The insertion of Satan to tempt Abraham adds further weight to his test – it’s not just about obeying G-d, Adonai, Allah, but about resisting temptation. In other words, sacrifice is not just about doing the right thing, but also about resisting temptation to do the wrong thing. Ahh, now it’s starting to sound a bit more like the message of the Yamim Noraim– the Days of Awe and Dread. For Abraham, that day was a day of awe and dread – awe and reverence for the Divine, and dread for what he was being asked to do.

Next stop along my journey: The Celebration.  Whereas Jews read the Akeda on Rosh Hashanah, Muslims around the world celebrate the festival of Eid al-Adha, commemorating Abraham's great sacrifice and the Muslims dedication to their faith. Their meat sacrifice is divided into three parts: the first is given to the poor; the second is given to relatives, neighbours, and friends; and the third part is consumed by the family. Muslims dress in their nicest clothing, pray, visit the mosque, exchanges gifts with those around them, and are also encouraged to donate to the poor.

This triggered my thinking of how we, as Jews commemorate this day. We, too, dress in our nicest clothes (except if you are home in your PJs watching the service via Zoom or YouTube), go to synagogue, bring food or gifts to people’s home, or buy something new for the New Year. And we, too, are encouraged to donate. Although we have many festivals where we are commanded or encouraged to donate to the poor, Rosh Hashana is not one of them. And yet, synagogues and Jewish organisations around the world run campaigns to encourage Jews to support our Jewish community – our synagogue, our local Jewish community, and Israel. The story reminds us that Isaac was spared and Abraham was blessed with numerous descendants to perpetuate the Jewish people and tradition; thus, it is a reminder to us of our responsibility to perpetuate the Jewish people and tradition.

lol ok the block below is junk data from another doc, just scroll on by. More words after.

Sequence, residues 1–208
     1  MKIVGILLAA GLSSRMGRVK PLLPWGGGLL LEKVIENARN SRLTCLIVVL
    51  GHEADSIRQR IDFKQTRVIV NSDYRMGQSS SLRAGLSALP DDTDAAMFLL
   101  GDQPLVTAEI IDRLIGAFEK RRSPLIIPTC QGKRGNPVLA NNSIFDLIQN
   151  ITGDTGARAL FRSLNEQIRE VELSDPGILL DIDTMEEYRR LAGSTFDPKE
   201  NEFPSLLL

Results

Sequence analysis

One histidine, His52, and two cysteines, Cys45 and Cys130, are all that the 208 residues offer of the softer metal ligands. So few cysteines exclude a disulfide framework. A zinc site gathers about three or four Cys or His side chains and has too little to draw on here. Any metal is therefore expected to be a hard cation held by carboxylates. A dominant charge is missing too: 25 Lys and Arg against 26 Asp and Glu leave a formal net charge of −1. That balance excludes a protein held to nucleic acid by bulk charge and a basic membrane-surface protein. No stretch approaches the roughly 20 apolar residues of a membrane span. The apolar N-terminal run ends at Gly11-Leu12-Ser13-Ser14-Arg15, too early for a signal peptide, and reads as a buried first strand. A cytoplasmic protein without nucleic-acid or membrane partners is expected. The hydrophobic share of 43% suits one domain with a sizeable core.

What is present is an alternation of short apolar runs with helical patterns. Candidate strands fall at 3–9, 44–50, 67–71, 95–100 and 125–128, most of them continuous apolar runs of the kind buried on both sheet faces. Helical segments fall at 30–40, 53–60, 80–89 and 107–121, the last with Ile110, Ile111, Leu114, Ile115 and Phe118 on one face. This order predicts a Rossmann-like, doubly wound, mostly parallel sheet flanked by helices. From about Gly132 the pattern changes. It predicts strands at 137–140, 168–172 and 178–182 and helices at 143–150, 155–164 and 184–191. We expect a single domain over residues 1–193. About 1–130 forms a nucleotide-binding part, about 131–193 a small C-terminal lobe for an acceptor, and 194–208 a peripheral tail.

Finally, the messages of the story: Whereas a Muslim interpretation of the story is that of submission and adherence to G-d, and a Christian interpretation is that of love born from undeserved suffering (trials), our Jewish interpretation encompass both of these ideas and more.

The Torah contains within in it a bundle of contradictions. On the one hand, we are told to trust in G-d and submit to G-d’s will as a testament to our faith in G-d and affirmation of our part in the covenant. On the other hand, as soon as Adam and Eve ate from the tree of knowledge of good and evil, we were endowed with intelligence and moral consciousness. Thus, the Akeda was indeed a conundrum for Abraham, for how could he both follow G-d’s command and listen to his own conscience. The idea that G-d would ask a father to sacrifice his own son seems incompatible with a Divine ethical directive.